The room started to smell like smoke and burning meat.
After what felt like ages but was probably only a few seconds the pain got the better of me, and I tried to pull away, and found I couldn't. Every muscle was involuntarily tense, and I couldn't make myself remove my hand from the socket.
The lights flickered. Smoke started trickling out from the socket. Distantly, I heard banging on the door. Then the door opened up and people swarmed in. Someone hit my legs with something that felt like a heavy sticj-- a broom maybe? I didn't see. My feet slipped from the sink, and I fell into several waiting sets of arms. They lowered me to the floor, and I collapsed into jelly. Only then was I able to start screaming.
"Jesus," said the security guard. "What the hell did you do that for?"
Faces flooded my vision, and from the ground I had a perfect view of the smoking light socket. A nurse was looking at my hand and hissing in sympathy. With a groan and wince, I turned my head to see what she was seeing.
Tip of my index finger was black where I'd shoved it in the socket. The skin at the end was split open, like an over-heated hot dog. The area immediately around the blackness and all down my hand was red and puffy. I cried out in pain when she turned it over, examining the burns.
Oh, I thought. So that's what that burning smell was.
People were talking. I wasn't rally hearing them. Then they got me to my feet and started leading me to the door.
"Wait a sec," I said, waking up a little and pulling away from them, trying to get back to the sink.
"Sir, you need to--"
"No, hang on. Real fast."
Two of them grabbed me, and I tried and failed to shake them off.
"Let me just see!" I said, attempting to get back onto the sink. "I just need to see something!"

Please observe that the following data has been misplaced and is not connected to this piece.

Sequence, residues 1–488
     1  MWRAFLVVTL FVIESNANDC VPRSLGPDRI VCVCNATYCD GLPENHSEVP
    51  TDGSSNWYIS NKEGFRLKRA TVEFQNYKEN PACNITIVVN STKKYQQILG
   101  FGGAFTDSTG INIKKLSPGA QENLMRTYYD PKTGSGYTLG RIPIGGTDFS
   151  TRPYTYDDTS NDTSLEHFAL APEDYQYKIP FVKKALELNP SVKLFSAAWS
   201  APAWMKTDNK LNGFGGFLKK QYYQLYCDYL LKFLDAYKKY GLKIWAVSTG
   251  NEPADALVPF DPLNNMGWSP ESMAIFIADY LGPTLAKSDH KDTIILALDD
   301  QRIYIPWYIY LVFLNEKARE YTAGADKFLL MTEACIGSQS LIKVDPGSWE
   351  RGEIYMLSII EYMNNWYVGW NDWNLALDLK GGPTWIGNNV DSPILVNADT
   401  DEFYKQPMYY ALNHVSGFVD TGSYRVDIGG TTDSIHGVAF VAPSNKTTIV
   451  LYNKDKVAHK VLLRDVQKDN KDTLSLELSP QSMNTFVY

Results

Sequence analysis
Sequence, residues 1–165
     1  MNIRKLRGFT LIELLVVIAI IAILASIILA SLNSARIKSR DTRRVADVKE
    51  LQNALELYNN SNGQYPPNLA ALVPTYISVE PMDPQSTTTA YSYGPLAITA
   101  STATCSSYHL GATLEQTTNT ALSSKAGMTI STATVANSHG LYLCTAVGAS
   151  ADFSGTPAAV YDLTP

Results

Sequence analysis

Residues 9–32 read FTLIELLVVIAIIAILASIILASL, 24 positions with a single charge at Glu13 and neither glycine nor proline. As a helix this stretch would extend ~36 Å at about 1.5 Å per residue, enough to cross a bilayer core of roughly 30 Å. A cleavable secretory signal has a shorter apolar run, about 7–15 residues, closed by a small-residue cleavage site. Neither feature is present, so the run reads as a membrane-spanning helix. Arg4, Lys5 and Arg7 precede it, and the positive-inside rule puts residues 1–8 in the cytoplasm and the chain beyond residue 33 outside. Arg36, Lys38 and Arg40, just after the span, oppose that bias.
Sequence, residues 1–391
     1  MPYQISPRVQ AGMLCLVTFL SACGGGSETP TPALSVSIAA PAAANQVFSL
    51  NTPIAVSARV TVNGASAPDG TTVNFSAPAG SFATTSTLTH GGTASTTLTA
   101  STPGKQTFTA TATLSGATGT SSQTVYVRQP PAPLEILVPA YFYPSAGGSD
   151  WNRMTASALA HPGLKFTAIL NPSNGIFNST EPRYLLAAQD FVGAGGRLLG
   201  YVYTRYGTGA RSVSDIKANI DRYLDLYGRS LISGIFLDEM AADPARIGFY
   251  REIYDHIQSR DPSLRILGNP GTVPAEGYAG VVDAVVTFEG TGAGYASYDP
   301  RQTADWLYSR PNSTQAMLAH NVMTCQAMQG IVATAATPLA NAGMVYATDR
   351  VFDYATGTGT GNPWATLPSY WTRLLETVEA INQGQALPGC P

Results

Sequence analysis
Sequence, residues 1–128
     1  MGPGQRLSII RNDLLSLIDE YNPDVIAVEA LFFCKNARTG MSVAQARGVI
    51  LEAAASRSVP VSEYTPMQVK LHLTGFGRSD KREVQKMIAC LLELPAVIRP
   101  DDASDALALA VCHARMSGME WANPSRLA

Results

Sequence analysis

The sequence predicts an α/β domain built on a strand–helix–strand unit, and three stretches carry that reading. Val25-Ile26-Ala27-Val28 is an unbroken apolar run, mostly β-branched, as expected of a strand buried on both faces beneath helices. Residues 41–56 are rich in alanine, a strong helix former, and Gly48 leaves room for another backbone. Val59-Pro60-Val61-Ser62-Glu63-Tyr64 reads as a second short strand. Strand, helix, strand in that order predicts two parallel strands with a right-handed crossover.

I twisted suddenly and elbowed the one to my right in the chest, knocking him back. I squirreled away from the other and made to to the sink, but before I could get on top of it, they grabbed me again. I yelped in pain as one of them jostled my burned hand, and it made one of them back off, but the other kept going. Gritting my teeth, I grabbed the faucet with my good hand and held while they tried to pry me off. I turtled up as completely as I could, hunching over the sink bowl, putting my weight awkwardly onto the sink so I'd be harder to move, my head down.
"I need to know if it worked!" I shouted into the bowl. They just needed to let me climb up and see if I could pull electricity from the socket now. It wasn't like I'd shove my hand inside again, just rest it in the outside and see if I could draw the power out. Besides, what did they care? They worked for Iotech, so why would they care if I went and electrocuted myself? As if Iotech didn't do that all the time--
"You don't want me to get them back!" I screamed, gears in my head snapping into place.
A few of the people had fallen away, presumably to call in back up. There was still the orderly and security guy, both trying to talk to me and drag me off the sink. I felt their hands around my sides, like they were going to yank me off.
"Sir--" said one.
"You want me to be weak! You want me to be helpless so you can cut me up!"